Uganda Communications Commission (UCC) recently announced a new sim card verification exercise, sparking an uproar from the public since a similar program had been carried out before.
Seeing the confusion, UCC recently clarified on who will be affected by the new exercise.
In a recent interview with NTV Uganda, Ibrahim Bbossa, the spokesman for UCC said that the exercise is meant for people whose names were used to register multiple sim cards and those whose information doesn’t tally with what telecom operators have.
“This exercise is not for everybody. This exercise is only for individuals who are going to be contacted or who are being contacted by the operators. And these are people who have a mismatch in the information that’s held with the operators,” Bbossa said in the interview with NTV Uganda.
“For example, people who have multiple sim cards registered in their names, we need you to confirm that those are actually your sim cards because we have fraud that has happened in that area before,” he added.
“We have people who’ve submitted names initially but this does not compare with the national identification number that’s held with you or some people whose status has actually change altogether.”
According to Ibrahim Bbosa, the new sim card verification exercise is aimed at updating information of mobile subscribers in Uganda, considering how sim cards are now becoming a powerful tool in the digital economy.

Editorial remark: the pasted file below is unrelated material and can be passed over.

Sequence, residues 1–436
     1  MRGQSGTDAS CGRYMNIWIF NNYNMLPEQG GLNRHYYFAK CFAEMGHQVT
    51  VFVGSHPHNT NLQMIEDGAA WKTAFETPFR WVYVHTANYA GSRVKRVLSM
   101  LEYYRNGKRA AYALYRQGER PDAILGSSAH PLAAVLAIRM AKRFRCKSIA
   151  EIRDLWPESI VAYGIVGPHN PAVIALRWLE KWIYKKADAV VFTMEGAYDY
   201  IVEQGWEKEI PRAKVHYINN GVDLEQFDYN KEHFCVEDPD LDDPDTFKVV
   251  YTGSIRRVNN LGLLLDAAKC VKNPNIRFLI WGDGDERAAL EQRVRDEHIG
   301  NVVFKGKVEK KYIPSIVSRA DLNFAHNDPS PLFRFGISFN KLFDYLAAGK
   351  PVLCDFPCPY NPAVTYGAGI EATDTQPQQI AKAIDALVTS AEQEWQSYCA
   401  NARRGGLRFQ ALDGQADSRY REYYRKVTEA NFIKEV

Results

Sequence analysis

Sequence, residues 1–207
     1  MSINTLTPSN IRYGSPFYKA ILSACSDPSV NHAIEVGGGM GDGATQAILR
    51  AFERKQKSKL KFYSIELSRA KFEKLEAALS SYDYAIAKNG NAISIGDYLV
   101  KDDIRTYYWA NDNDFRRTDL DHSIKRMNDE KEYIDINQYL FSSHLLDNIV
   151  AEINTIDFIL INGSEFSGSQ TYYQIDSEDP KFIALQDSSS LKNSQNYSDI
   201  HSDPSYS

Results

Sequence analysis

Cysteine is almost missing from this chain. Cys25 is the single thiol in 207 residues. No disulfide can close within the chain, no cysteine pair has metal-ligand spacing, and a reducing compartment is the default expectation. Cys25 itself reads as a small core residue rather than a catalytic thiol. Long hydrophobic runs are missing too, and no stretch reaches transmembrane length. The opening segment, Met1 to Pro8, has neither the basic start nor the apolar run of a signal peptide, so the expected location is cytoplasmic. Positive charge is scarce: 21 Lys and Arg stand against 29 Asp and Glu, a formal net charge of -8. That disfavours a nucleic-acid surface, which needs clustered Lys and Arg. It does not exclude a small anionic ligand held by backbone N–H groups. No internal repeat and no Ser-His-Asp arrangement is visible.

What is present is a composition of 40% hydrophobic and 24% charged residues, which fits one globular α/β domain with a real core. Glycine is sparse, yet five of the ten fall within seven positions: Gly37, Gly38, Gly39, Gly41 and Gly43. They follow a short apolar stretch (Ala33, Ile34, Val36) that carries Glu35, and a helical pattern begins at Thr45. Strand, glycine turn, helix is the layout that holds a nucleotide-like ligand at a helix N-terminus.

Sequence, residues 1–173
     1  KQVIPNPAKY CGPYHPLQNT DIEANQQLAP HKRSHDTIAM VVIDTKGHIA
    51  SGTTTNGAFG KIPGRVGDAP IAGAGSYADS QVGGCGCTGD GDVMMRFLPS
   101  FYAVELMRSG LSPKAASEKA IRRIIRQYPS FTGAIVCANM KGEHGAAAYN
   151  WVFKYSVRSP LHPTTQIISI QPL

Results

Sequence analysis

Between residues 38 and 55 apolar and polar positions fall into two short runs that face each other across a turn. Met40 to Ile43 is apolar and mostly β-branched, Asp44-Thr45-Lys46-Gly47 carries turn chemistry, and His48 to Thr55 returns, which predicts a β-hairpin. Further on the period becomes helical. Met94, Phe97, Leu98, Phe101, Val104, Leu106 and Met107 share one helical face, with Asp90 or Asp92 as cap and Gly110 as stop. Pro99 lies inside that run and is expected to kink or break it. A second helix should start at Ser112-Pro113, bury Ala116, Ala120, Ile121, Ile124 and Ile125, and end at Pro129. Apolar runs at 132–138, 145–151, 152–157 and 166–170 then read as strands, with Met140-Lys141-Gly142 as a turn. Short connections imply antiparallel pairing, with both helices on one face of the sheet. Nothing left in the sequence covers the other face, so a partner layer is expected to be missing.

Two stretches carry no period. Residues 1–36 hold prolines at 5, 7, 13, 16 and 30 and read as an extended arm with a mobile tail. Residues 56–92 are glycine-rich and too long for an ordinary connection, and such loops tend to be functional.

“Ideally, we’re updating already existing information and it’s only a small of subscribers who are being called on to be able to provide this kind of verification. So, this is not something for everybody,” he said.
If you are among individuals that are to be affected by the exercise, you’ll soon get a notification from your service provider. For instance, the message from MTN Uganda reads:
“Y’ello. You have more than one number registered under your NIN. Please visit any MTN Shop or Duuka with your National ID to confirm them.”
Punishments for boycotting new sim card verification exercise
According to Ibrahim Bbossa, those who deliberately refuse to comply with the program will face the law as provided in the Uganda Communications Act.
“We expect that every Ugandan today appreciates the importance of a sim card and the value the sim card brings. First is the issue of security but also the kinds of services we are now offering on sim cards,” he said.
“The Uganda Communications Acts under Section 56 provides two instances when you can be denied service: one is for non-payment of bills and the other is for a just cause. So, if after repeated requests for you to come and verify, to update your sim card registration, especially we also have people who sent in NINs before April 2018 and never update this through biometrics, those people are also required to come and update with the biometrics.
“Failure to do that, you’ll definitely incur the issues of the law whereby Section 56 could warrant that services be denied to you for a just cause.”